Sautter was in banking originally but in the 1960s bought a couple of pipe shops that also sold cigars. "I quickly realized that cigars were the future for me," he says. "I could see that all my customers for pipes were dying off. I needed younger customers."

Today, the two men are as bullish as ever on the cigar industry despite a decline in their business due to the slide in the economy and the end of the cigar boom. However, they are still doing very well. Most of their sales are in Cuban cigars, although the percentage of non-Cubans they sell is growing. For the last three or four years, they have had problems with the quality of Cuban cigars, just like everyone else. However, they believe that the situation is improving. They are seeing better quality cigars from Cuba and are getting just about every brand, size and shape they need.

"A few years ago, if I received 20 or 30 boxes of Hoyo de Monterrey Double Coronas, they would be sold out right away," says Sahakian. "I wouldn't even have to put them out on the shelves. Today, we have just about everything we need, but business is much slower."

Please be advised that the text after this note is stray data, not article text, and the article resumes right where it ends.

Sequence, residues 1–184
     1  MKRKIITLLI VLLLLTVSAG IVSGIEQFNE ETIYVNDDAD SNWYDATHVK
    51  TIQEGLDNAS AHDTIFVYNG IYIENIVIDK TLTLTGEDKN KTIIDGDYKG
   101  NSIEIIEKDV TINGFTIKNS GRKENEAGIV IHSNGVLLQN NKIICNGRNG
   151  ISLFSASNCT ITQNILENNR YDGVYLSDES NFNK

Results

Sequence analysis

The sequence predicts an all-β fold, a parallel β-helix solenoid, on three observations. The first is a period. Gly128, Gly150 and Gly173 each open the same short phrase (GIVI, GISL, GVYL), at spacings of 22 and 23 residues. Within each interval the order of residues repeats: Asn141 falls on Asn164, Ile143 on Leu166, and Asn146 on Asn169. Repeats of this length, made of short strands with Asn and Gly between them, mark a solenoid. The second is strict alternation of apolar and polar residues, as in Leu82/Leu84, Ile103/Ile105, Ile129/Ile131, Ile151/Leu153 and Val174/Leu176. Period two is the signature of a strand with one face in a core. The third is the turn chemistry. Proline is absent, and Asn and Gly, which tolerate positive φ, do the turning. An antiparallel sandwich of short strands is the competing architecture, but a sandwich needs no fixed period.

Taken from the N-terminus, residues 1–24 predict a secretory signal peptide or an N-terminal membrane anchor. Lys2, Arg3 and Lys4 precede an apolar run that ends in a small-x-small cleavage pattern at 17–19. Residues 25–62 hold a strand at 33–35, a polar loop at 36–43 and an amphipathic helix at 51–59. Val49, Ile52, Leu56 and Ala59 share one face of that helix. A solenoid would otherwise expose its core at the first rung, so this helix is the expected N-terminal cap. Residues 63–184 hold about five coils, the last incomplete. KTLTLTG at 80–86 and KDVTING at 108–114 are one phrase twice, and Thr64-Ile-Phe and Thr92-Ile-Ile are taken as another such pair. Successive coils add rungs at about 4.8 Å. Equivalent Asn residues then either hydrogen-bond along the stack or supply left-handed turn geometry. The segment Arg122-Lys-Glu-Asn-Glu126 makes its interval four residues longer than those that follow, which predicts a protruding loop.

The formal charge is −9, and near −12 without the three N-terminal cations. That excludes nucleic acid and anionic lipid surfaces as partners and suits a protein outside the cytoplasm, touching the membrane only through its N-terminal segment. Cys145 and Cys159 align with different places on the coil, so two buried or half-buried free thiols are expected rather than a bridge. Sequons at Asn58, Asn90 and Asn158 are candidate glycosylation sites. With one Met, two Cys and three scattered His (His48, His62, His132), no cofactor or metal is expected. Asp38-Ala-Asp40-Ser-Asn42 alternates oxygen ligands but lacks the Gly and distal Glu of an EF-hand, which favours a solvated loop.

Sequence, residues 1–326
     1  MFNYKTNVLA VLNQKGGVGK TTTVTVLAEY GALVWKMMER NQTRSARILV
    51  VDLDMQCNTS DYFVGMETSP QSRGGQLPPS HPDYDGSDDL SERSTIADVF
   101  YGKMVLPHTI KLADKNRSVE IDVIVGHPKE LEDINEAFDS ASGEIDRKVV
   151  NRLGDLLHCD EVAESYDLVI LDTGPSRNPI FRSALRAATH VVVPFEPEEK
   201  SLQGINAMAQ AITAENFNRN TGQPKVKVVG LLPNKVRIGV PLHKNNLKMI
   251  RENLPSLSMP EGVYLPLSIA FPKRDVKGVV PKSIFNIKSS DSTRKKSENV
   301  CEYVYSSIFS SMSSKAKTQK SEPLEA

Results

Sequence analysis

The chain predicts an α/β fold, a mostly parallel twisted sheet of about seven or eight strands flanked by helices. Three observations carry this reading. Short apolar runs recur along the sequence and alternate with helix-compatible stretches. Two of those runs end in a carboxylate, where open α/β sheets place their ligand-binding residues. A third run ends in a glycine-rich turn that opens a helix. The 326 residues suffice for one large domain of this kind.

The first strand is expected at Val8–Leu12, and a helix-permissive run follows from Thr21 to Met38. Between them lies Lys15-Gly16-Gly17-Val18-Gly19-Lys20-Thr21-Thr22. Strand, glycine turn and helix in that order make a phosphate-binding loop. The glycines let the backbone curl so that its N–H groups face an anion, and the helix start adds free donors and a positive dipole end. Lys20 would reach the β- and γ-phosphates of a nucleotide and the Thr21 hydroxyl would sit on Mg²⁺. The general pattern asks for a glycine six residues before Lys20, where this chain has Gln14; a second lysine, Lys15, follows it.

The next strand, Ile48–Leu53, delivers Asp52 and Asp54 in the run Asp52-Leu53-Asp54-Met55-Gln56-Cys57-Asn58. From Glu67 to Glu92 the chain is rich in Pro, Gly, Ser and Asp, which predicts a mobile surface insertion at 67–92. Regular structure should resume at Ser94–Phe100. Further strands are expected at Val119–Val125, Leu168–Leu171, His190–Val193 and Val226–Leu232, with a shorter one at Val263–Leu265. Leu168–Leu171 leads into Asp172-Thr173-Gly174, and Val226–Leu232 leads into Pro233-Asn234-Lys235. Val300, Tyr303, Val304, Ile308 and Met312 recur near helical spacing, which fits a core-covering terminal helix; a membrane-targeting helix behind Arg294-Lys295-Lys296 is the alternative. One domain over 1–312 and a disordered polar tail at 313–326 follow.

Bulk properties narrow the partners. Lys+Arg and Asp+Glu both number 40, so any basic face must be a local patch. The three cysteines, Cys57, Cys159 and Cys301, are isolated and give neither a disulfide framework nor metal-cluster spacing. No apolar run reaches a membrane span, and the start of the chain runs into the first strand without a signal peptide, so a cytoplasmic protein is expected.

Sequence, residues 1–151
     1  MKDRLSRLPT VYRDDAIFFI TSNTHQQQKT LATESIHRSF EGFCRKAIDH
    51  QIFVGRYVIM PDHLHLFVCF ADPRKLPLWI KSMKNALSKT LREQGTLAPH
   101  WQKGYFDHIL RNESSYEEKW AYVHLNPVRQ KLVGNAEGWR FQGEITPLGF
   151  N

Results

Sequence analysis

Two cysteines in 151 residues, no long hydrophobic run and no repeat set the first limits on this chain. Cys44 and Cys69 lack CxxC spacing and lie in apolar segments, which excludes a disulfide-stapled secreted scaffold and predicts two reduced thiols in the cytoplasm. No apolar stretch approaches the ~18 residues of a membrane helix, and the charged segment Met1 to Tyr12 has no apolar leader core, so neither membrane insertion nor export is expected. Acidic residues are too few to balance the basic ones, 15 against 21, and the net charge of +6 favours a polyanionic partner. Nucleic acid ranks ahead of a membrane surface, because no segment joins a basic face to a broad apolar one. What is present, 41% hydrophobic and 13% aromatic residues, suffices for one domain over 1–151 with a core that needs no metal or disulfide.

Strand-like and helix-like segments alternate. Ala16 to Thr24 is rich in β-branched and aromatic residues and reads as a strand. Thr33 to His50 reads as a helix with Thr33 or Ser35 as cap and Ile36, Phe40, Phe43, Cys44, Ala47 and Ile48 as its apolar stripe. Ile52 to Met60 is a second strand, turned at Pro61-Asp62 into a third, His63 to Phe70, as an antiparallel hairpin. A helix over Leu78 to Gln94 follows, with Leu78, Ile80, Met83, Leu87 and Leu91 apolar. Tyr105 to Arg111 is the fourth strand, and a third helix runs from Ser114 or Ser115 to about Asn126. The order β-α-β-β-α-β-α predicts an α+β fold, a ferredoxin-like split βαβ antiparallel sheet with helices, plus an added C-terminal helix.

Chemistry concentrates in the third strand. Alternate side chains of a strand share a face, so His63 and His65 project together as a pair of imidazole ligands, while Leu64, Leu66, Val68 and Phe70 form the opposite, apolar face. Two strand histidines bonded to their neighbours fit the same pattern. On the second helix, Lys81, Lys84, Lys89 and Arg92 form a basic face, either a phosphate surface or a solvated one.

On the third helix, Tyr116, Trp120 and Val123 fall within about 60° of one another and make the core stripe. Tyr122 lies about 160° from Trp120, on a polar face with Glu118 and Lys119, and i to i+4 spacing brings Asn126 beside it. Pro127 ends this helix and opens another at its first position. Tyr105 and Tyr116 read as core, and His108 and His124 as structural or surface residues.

Such a statement makes me wonder if the Cubans realize the situation in London as well as in most other key markets in the world. They recently announced that they would be shipping 170 million cigars this year, a huge jump from the 117 million they exported last year. They are going to need the help of merchants like Sahakian and Sautter.

However, as much as Sahakian and Sautter like Cuban cigars, they are not entirely happy selling them. For the last four or five years, they haven't visited Cuba. Instead, they have been going to the Dominican Republic. They are too discreet to say why they don't go to Cuba, but I have a hunch it's because they don't get the welcome they deserve. Years ago, when cigar merchants visited Cuba they were treated like royalty. Today, they are asked to pay for everything from cigar events to factory tours. They are not seen as ambassadors for Cuban cigars, as the front-line promoters of one of the greatest products on earth. Instead, they are seen as sources of income, whether they are selling Cuban cigars or visiting the island. That's wrong.